The second bullet point is much more specific and provides more detail about what you did and the results of your work. It also includes a quantifiable result (15% decrease in project costs).

Related: What Is a Technical Lead? How to Become One

Identify and Include Relevant Keywords

When you apply for a job as a technical lead, your resume is likely to be scanned by an applicant tracking system (ATS) for certain keywords. ATS programs search your resume for specific terms related to the job, like “database” or “programming” to determine whether your skills are a match for the job you’ve applied to. If you don’t have enough relevant keywords on your resume, the ATS might not rank your application highly enough for a human recruiter to see it.

To increase your chances of getting noticed, use this list of common technical lead keywords as a starting point:

  • AutoCAD
  • Revit
  • Mechanical Engineering
  • Computer-Aided Design (CAD)
  • 3D Modeling
  • Manufacturing
  • CNC Programming
  • Continuous Improvement
  • Lean Manufacturing
  • Testing
  • Manufacturing Engineering
  • C++
  • Integration
  • Construction
  • Python (Programming Language)
  • Schematic
  • Microcontrollers
  • Java
  • Test Automation
  • Microsoft Access
  • PHP
  • Microsoft SQL Server
  • JavaScript
  • Unix
  • Linux
  • Git
  • Jenkins
  • Scrum
  • Ruby on Rails

Showcase Your Technical Skills

As a technical lead, you need to be proficient in a variety of software development tools and platforms. This might include experience with specific programming languages, like Java and Python, or experience with web development frameworks, like AngularJS and React. Additionally, you should have a solid understanding of DevOps concepts and be familiar with popular DevOps tools, like Puppet and Chef.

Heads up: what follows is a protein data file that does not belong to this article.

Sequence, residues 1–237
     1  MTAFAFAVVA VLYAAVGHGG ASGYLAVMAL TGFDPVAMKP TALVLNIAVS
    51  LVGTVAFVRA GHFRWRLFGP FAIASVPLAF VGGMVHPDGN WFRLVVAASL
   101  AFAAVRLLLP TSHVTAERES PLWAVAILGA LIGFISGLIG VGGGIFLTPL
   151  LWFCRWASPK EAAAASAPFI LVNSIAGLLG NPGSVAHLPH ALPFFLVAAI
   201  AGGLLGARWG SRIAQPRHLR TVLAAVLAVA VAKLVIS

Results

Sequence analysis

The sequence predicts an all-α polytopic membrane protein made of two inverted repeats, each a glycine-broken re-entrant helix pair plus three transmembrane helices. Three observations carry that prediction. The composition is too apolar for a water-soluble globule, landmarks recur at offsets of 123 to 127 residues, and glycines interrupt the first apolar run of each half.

Recruiters are looking for technical leads who have a deep understanding of the software development process and who are able to effectively manage and coordinate the work of a team of developers. So if you have the relevant skills and experience, be sure to list them prominently on your resume.

Related: How Much Does a Technical Lead Make?

Remember The Basics

As you’re crafting your resume, it’s important to keep a few basic guidelines in mind.

Make Sure Your Resume Is Easy to Scan

There are a few things you can do to make your resume easier to read, such as left aligning your text, using a standard font type and size, and using bullets instead of paragraphs to list your experiences. You should also use all-caps and bold sparingly, and keep your bullets under two lines. Additionally, you can include some white space on the page to make the document easier to scan.

Be Concise

There is no set length for a resume, but it is important to be concise and focus on the most relevant information. A one-page resume is a good rule of thumb for recent graduates or those with less than five to eight years of experience. For those with more experience, a two-page resume can be more appropriate. When trimming down a resume, remove unnecessary information and focus on the most important details.


Proofreading your resume is an important step in ensuring that it is effective and error-free. Spell checking is a must, as are punctuation and grammar checks. It is also helpful to have someone else proofread your resume for you, as they may catch mistakes that you have missed. Beware of easily confused words, and make sure that your tense is consistent throughout the resume.

Consider a Summary

If you’re looking to make a great first impression on potential employers, a resume summary statement is a must. This section can help to quickly highlight your most relevant skills and experiences, and explain how they’ll benefit the company you’re applying to. When writing your own summary, be sure to focus on your strongest selling points, and make it easy for potential employers to see how you could be a valuable asset to their team.